The urge to chase every point, to negotiate for every extra half mark: Business school students are wired to strive for excellence, and these things are second nature.
It’s called “grade grubbing,” and a recent survey conducted by Intelligent.com found that it occurs all the time.
Of 288 high school teachers and college professors surveyed, a staggering 80% said they are willing to accommodate students’ requests for grade changes – in other words, accommodating the requests is almost the norm.
HOW OFTEN STUDENTS GRADE-GRUB
Students inquire about grade changes for various reasons, but the most common justifications they provide typically stem from trouble in their personal lives, class difficulty, unfair grading, or sickness.
When it comes to the frequency of grubbing, the report shared that 44% of educators say students “somewhat” or “very often” ask them to change their grades to a higher score even when they did not earn it. Additionally, 24% say this happens “every so often,” 25% say “rarely,” and 6% say “never.”
How do educators feel current students compare to generations past? Well, just under half – 45% of the surveyed teachers and professors felt grubbing was amped up this year, 31% thought it was about the same, and 7% weren’t sure.
WHY EDUCATORS THINK STUDENTS ARE SEEKING HIGHER MARKS
As for their feelings as to why they think students are grubbing, 73% say they believe this is due to a sense of entitlement, 65% say it’s a lack of willingness to work hard, and 48% cited setbacks due to the pandemic.
“It’s important to understand what’s behind students’ concern about grades – and it’s more than a feeling of entitlement,” says Gayeski. “Most college students in the U.S. have some type of scholarship, and it’s typical for them to be required to maintain a 3.0 (B) average– some scholarships require an even higher GPA,” says professor and higher education advisor Diane Gayeski in the Intelligent.com report.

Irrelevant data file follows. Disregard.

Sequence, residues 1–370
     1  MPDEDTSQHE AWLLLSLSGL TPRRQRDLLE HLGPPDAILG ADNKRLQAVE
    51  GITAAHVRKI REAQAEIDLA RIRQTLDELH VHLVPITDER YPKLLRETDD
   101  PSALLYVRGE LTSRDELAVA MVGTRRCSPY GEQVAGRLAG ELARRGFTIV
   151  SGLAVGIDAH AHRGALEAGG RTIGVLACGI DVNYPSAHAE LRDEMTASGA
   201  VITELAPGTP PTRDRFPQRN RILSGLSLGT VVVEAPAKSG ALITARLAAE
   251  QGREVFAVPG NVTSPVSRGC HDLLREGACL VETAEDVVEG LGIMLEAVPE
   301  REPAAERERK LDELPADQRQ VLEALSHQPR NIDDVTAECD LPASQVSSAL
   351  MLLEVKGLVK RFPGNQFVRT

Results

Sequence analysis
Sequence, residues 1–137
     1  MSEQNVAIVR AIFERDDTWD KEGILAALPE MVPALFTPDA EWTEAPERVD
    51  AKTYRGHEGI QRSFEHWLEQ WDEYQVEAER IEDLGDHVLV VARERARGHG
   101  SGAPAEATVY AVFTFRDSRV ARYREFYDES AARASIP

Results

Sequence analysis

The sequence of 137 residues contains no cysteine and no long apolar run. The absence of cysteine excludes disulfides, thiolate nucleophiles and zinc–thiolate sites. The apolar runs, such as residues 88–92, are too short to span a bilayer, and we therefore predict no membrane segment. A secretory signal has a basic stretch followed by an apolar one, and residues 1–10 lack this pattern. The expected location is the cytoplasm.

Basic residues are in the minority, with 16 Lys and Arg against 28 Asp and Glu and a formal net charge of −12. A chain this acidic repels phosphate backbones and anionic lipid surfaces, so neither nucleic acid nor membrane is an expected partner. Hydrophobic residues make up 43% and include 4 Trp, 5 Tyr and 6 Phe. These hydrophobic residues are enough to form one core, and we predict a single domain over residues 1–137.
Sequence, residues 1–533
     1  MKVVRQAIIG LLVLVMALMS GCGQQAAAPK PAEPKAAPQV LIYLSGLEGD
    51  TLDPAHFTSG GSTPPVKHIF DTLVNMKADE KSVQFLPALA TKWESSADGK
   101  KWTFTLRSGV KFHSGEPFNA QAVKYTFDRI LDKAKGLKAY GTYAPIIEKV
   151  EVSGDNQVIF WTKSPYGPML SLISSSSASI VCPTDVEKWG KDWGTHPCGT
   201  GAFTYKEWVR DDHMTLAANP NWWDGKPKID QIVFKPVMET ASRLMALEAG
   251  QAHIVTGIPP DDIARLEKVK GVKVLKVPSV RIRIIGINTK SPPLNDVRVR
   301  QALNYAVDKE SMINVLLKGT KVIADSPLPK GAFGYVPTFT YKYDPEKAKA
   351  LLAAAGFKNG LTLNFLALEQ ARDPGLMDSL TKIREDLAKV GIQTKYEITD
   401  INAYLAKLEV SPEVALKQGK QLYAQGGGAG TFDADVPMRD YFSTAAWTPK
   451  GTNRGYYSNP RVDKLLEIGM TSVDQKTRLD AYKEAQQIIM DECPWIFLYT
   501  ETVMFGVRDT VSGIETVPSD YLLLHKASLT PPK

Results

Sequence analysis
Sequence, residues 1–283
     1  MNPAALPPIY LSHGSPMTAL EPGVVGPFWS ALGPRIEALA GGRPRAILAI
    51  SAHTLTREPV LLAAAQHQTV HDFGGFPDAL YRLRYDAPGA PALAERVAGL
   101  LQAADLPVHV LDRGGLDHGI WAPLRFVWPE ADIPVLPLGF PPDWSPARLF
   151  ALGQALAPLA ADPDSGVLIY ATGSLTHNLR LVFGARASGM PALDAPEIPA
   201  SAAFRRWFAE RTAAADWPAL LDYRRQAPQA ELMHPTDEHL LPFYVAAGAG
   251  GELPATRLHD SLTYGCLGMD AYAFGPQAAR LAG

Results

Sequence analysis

“Just one C grade (which some professors feel is ‘average’) can put a student in jeopardy of losing their scholarship and having to drop out of school, essentially wasting the money and time they have already invested. Also, many professions such as medicine, social work, or accounting require a graduate degree, and most graduate schools won’t accept anyone with less than a B average,” explains Gayeski.
How far does grade grubbing really get you if your goals are to get an MBA? Karen Marks, founder of North Star admissions, says that in some circumstances, grade grubbing really isn’t necessary — especially for those hoping to get a BBA or MBA.
She tells Poets&Quants, “This time of year, I have a lot of consult calls with potential B-school applicants who are trying to assess whether or not they are competitive for their dream schools. Frequently, people are overly worried. Even if there are issues that need to be addressed, candidates can still get into the most competitive business schools.”
“Depending on the circumstances, and on the rest of their candidacy, lower grades are NOT a deal-breaker. I have worked with many, many clients who were successfully admitted to M-7 schools, some with full scholarships, despite having sub 2.5 GPAs.”
A HIGH GPA ALONE DOES NOT EQUAL B-SCHOOL ADMISSION
While many B-schools do not require a minimum GPA for admission, they still do look at an applicant’s undergraduate GPA – but they typically do so in relation to the other aspects of their application. Other areas of the application hold weight as well.
“Ask most admissions committee members and they will tell you that it’s the sum of many pieces—there is no one ‘most important’ part of the MBA application,” Stacy Blackman, founder of Stacy Blackman Consulting, writes. “It’s the essays, interviews, and recommendations that ultimately reveal the person beyond the paper. Compelling essays, recommendations, and interviews can provide context for a low GMAT score or GPA. But the reverse is not true. Strong numbers will never make up for weak essays or a disorganized, negative recommendation.”
Rather than focusing only on getting top marks, students should focus on getting work experience under their belt prior to applying to B-school.
As a marketing professor at St. Mary’s College of California, says, “Work experience definitely matters, as it should. If someone had experience in a high growth area or (is) doing something game-changing and innovative, that is and should be a plus.”
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